The one building which we really wanted to see is the magnificent Burj Khalifa. This is the world tallest building, and it’s the tallest by a long way. The sheer size of the building is staggering. It towers over everything around it and over every other tall building in the world. The entire downtown Dubai area has been dramatically transformed by this one building. The building contains the world’s largest shopping mall. This is a split personality mall. Parts of it are Heera Panna and parts of it are super luxury, luckily they are separated. In the mall is a massive Kinokunya bookstore. One of the largest and most well stocked bookstore I have seen in these internet Kindle times. Spent quite some time there.

Inside the mall you have a massive Aquarium. We just did not have the heart to enter it. There were so many hyper excited school children and prams that it was testing our patience. The next time we will definitely go. The Building has a large water body in which they have installed a fabulous water fountain show. The show runs for 3 odd minutes at 1 pm, 1.30 pm and 2 pm. Then its runs every half hour from 6 pm. We could not go at night on this trip, but I can imagine it will be beautifully lit. The show in the afternoon was awe inspiring in itself. Really moving when paired with the music, and, the grace of the water fountains brought a tear to my eye. More beautiful than any dance I have seen.      

And the Burj Khalifa? No words can describe it. Please see the photos. Just a few facts which you may find useful if you want to visit it. An entry ticket costs AED 100 [INR 1500]. With this ticket you have to choose the time slot you want to visit. You can book this online, which is what we did before leaving for Dubai. It makes sense to book in advance as there are days when all time slots are sold out. If you are impatient you can pay AED 400 and get in immediately. You do have to make one decision. Go during the day or go at sunset. The queues get long, quite long for the evening slot with a 45 minute wait for the elevator, so if you want to blow about 2 hours on this go at in the evening. We went at 11 am and were in and out by 11.30. The lift that takes you up 124, yes 124 floors takes 1 minute and is super smooth. Your ears will pop gently while going up and down. Take the telescope viewing option. It costs AED 25 extra. You get to use an electronic telescope on the top. Please do have a look at the view as of now and what it was before construction. The views from up there are unbelievable. And sound does not travel to the 124th floor. It was quiet.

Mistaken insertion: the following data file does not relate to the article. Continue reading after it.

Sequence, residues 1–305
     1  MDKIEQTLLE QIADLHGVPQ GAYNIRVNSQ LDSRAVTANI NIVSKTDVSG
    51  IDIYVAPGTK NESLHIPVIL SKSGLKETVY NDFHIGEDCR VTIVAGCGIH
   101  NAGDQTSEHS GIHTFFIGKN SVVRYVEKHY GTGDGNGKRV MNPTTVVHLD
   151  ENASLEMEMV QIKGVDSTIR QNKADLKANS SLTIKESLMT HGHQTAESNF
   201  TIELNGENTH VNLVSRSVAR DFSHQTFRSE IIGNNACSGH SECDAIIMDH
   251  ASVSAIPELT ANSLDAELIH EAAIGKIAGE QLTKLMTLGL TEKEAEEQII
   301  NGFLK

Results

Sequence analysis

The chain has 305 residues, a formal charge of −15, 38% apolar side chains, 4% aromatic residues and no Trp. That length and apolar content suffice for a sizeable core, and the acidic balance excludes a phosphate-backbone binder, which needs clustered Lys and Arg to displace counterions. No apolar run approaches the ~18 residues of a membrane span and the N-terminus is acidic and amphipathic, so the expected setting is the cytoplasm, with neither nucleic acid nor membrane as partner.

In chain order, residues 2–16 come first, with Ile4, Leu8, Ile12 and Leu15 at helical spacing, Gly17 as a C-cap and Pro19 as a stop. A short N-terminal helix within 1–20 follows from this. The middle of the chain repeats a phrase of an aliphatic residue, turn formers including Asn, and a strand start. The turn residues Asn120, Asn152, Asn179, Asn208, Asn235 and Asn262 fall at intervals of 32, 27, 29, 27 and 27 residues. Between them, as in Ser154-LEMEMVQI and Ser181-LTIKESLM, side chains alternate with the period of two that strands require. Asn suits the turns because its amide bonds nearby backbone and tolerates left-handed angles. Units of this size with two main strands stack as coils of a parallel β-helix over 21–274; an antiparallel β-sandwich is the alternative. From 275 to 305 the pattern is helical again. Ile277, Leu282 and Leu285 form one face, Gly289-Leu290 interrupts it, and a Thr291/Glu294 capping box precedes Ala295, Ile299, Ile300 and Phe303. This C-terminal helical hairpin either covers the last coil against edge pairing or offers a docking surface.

You get a sense of how tall this is when you see other building in comparison

The pool with the water fountains taken from the 124 floor

Have a look at the roads. Arrow straight and masses of junctions and exits.

A gold ATM. Put your credit card in a draw out Gold!!

The Fountains 

The sleepy Gold Souk

Next time you are in Dubai, keep a day or two for yourself. Go to the Burj Khalifa, see the fountains and if you like kids go to the aquarium. If you have more time go to Al Maha. If you have still more time visit the Museum, I believe it’s quite good. The Gold Souk is perhaps overrated but still worth a stroll. The malls are impressive. I believe the beaches are very good but we haven’t had a chance to visit on this trip. And if you are a foodie, there is every imaginable cuisine on offer in Dubai at various price points. Dubai is more, much more than just shopping and gold and Russian prostitutes. It a vibrant, throbbing exciting dynamic metropolis wanting to become the world’s coolest city. It may well become one, except its damn hot.

1 comment:

  1. Interesting read as always, I fully agree that the joke is on us. The Arab states have used the oil money to better the lot of citizens (doubt whether there are any poor arabs). Just imagine what our politicians (refuse to call them leaders)would have done if oil was found in India.Actually we know, just have to look at what happened with coal and other minerals.